Ronald Thwaites | Reforming Parliament
I once thought Parliament was the forum where there would be ideas about all aspects of governance for Jamaica, where stories about people’s aspirations would be told, debate sharp, reasoned and sometimes light-hearted, difficult issues contested thoughtfully, and, at the end, laws made which would try to benefit the common good. The proceedings ought to encourage citizenship interest and education, with the public given access to participate as often as possible.
There should be no apologies for idealism, but, of course, Parliament does not work that way. The mood, verbiage and vote are indelibly dyed green and orange. Take for example what is going to happen between last week when the sectoral debate began and the date in July when the House rises for the long, long summer break.
At each sitting, a government minister will give an apologia for his or her stewardship, barely, if ever, related to what was said and promised last year and full of encomiums to the governing party and the incomparable leader. The minister speaks first, almost never within the allotted time but always with an eye to catch the afternoon news cycle. Projects and promises frame the monologue, spiced with slights directed at whoever is the brain-dead opposition. The pattern never varies.
Occasionally, there can be some amusing theatre as the imported crowd in the gallery must be tittivated and the applause chorus on the bored-looking back benches kept diverted from addiction to their cell phones. Then there are the hecklers across the aisle whose effort is to deconstruct and distract from the presentation. Afterwards, there is the ritual standing ovation, no matter the quality of what had been said, and the glossy printed copies are quickly discarded.
By now, it is probably after 4 p.m., and all this is followed by an opposition spokesperson or two, usually speaking to a reduced press gallery and depleted members’ benches as everyone’s attention span dwindles. Such presentations will seldom get much coverage and will be interrupted by continuous barbs of, “Who you fe talk?” or “Why yu nevva do dat when yu was in powa?”
The minds never meet, the ideas never really contend, and respect for contrasting opinions is seldom accorded. The process of our ‘jacket’ model of Westminster presumes that the Parliament of the people is no more than, at best, a sounding board, at worst, a rubber stamp for the executive. The people get what the Government wants them to get; the common good, the direction of the budget, becomes whatever the ruling party and, in effect, its leader wants it to be.
The process has turned the underlying democratic philosophy on its head. Cabinet is supposed to be the executive committee of Parliament, not the other way round. Think about it. Half the electorate does, not vote, the other half divides in two and the entire sway of governance, bar a few very important things, ends up being decided by the representatives chosen by a quarter of the participating electorate, or one-eighth of the registered adults in the land.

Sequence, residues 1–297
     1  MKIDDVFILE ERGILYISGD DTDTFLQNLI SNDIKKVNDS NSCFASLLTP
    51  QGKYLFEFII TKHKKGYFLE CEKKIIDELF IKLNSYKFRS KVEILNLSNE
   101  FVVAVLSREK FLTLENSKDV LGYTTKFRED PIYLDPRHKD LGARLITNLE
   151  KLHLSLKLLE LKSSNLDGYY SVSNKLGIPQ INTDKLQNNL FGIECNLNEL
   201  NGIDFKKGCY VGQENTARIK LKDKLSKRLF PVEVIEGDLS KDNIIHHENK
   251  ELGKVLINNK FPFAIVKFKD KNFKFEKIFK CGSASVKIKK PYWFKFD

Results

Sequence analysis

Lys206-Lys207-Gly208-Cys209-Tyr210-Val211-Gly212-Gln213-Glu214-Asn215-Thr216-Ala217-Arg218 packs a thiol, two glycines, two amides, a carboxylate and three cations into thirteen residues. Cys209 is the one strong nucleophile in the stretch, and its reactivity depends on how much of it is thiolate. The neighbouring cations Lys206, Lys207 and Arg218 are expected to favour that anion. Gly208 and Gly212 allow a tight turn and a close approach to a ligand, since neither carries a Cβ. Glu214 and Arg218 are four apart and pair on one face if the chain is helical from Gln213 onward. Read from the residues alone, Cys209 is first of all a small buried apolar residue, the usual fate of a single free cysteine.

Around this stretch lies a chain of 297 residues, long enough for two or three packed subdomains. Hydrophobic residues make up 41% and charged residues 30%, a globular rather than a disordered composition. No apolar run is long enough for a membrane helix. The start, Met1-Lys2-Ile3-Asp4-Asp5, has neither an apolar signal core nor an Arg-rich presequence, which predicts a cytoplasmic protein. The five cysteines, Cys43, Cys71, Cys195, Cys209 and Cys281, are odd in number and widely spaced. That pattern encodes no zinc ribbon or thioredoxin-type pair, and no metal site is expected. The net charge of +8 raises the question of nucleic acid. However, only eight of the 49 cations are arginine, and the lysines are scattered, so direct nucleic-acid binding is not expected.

The sectoral ‘debate’, so called, has squeezed out the constituency debate which used to take place. Then at least, a member could raise local issues before lawmakers, ministerial spenders and the public in an effort to get helpful reaction. Now, all you can do is to approach a minister or bureaucrat personally and beg. That cannot be right.
When we resume in September, there will be a raft of government business which will further squash the prospect of broad policy issues being timetabled. I have more than 20 of these on the Order Paper, all of significance for national direction. Despite the House leader’s sympathy, not one has been given time to even start for almost a year.
Standing House committees sit “ad-hocly” (to quote the late O.T. Williams). In a lumbering but important fashion, the Public Accounts and Public Administration and Appropriations committees react to crises, scandals and auditor general’s reports. The Human Resources and Social Development Committee will be tied up with the emotive abortion issue for months to come. Not much has been heard from the vital Economy and Production Committee lately. Similar slow outcomes describe the few joint select committees.
The parliamentary commissions and the reports of public companies get no organised scrutiny, leaving huge gaps for waste and corruption to prevail. I am surprised at the high levels of confidence recorded by business and consumers when the ultimate forum of taxation and governance operates so ineffectively. Good for autocrats in power; bad for democrats and libertarians.
So where is the deep thinking about statecraft in Jamaica done? There should be a standing committee on constitutional reform which considers as its first task the reform of Parliament.
Ronald Thwaites is member of parliament for Kingston Central and opposition spokesman on education and training. Email feedback to firstname.lastname@example.org.